Templating Interfacial Nanoparticle Assemblies via in Situ Techniques

Lisa Tran, Martin F. Haase*

*Corresponding author for this work

Research output: Contribution to journalArticleAcademicpeer-review


In situ surface modification of nanoparticles has a rich industrial history, but in recent years, it has also received increased attention in the field of directed self-assembly. In situ techniques rely on components within a Pickering emulsion system, such as amphiphiles that act as hydrophobizers or ionic species that screen charges, to drive the interfacial assembly of particles. Instead of stepwise procedures to chemically tune the particle wettability, in situ methods use elements already present within the system to alter the nanoparticle interfacial behavior, often depending on Coulombic interactions to simplify operations. The surface modifications are not contingent on specific chemical reactions, which further enables a multitude of possible nanoparticles to be used within a given system. In recent studies, in situ methods have been combined with external means of shaping the interface to produce materials with high interfacial areas and complex geometries. These systems have facilely tunable properties, enabling their use in an extensive array of applications. In this feature article, in honor of the late Prof. Helmuth Möhwald, we review how in situ techniques have influenced the development of soft, advanced materials, covering the fundamental interfacial phenomena with an outlook on materials science.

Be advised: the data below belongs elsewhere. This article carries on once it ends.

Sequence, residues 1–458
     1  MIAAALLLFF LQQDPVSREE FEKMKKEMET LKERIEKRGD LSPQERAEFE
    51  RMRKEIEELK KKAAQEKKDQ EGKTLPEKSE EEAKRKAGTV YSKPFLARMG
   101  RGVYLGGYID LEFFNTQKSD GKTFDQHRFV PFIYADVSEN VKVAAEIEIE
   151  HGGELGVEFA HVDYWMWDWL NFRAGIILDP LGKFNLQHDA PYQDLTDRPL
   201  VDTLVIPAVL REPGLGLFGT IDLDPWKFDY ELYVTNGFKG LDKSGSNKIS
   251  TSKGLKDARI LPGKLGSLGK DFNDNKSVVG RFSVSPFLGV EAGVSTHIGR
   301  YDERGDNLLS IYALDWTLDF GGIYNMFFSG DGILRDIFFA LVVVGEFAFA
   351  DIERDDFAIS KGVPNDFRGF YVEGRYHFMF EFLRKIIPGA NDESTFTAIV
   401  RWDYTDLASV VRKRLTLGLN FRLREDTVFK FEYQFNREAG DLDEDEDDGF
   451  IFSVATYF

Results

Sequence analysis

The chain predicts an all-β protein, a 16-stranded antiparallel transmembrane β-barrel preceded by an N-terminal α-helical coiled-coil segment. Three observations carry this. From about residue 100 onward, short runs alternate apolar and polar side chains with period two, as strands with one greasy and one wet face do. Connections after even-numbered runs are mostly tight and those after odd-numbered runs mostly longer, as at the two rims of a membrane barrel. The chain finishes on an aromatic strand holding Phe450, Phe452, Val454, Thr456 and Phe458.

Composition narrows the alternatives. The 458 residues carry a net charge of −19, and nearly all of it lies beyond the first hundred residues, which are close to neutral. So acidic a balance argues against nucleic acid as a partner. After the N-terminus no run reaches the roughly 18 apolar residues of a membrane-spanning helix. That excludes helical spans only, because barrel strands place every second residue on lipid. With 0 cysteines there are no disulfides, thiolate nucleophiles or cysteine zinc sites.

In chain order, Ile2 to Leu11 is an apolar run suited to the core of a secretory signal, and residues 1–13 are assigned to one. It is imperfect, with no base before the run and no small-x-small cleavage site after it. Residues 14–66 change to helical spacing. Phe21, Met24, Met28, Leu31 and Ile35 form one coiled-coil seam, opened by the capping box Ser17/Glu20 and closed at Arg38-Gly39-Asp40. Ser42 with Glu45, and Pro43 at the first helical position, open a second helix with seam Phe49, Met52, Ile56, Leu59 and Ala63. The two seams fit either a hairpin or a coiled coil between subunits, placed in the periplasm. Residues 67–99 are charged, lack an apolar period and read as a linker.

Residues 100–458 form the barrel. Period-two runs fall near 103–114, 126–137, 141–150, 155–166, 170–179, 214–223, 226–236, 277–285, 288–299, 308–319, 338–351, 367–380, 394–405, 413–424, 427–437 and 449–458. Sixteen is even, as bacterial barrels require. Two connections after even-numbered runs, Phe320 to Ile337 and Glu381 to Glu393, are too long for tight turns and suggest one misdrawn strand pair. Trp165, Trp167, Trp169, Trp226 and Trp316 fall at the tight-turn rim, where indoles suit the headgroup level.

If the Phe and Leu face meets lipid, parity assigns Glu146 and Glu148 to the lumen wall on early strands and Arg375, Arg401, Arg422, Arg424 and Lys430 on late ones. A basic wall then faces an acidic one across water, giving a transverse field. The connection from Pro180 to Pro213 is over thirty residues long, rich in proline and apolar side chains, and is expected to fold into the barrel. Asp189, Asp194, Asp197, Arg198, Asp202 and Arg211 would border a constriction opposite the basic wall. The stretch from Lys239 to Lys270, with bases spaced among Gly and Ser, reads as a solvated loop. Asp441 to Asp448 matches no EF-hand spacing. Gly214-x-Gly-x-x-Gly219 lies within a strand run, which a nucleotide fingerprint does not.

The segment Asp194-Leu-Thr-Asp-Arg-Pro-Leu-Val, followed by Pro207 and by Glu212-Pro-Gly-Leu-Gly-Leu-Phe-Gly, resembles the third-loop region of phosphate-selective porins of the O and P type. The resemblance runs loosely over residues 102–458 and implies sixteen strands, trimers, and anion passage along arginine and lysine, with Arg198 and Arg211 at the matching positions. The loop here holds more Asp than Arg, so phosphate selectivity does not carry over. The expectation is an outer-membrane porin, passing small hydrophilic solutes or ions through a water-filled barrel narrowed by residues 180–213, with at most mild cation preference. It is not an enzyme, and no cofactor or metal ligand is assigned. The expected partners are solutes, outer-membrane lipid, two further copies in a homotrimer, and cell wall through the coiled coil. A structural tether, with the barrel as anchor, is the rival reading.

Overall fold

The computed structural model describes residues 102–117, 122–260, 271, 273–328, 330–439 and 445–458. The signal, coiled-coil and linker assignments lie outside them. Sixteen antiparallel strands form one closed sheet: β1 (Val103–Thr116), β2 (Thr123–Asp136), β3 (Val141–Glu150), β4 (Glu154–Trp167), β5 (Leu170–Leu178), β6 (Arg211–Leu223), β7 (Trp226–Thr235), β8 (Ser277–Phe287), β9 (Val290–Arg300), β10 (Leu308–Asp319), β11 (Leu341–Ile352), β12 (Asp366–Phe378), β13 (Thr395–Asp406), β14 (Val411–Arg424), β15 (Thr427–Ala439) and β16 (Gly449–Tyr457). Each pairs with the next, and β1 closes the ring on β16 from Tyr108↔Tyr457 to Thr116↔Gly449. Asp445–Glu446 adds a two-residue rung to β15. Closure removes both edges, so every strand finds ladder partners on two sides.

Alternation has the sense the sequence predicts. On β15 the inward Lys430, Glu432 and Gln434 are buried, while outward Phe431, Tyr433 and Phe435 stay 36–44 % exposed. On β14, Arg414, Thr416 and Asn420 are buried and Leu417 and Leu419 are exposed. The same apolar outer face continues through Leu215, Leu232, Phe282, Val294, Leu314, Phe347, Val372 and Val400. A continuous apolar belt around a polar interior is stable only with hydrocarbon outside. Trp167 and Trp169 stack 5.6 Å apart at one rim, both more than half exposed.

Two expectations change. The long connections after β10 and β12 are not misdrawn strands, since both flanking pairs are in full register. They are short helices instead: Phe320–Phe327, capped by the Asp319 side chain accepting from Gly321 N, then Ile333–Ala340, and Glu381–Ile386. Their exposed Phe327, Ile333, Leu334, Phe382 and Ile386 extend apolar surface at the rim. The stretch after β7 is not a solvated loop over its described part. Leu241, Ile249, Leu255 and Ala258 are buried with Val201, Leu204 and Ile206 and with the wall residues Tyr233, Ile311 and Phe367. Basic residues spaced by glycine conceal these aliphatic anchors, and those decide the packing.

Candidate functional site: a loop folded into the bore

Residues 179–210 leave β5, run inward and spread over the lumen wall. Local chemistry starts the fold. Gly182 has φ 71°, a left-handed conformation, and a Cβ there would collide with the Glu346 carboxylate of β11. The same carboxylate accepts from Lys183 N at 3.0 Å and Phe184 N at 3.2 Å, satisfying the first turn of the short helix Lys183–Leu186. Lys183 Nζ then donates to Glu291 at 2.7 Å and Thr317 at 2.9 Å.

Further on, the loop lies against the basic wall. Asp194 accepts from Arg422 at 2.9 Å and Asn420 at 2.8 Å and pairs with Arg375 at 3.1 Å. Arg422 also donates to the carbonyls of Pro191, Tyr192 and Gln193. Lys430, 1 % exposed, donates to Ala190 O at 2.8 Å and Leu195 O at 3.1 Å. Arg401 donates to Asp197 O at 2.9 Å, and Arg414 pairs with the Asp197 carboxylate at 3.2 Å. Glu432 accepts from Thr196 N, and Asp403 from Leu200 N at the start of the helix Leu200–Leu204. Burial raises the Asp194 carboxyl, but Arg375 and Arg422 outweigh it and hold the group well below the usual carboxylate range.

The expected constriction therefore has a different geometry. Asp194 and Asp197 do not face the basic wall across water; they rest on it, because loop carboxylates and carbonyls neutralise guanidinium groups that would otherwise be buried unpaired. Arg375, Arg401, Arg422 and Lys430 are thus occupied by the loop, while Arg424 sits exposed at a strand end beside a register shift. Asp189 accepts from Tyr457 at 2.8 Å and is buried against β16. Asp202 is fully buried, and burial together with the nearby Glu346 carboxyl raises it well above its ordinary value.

Original languageEnglish
Pages (from-to)8584-8602
Number of pages19
Issue number26
Publication statusPublished - 2 Jul 2019
Externally publishedYes


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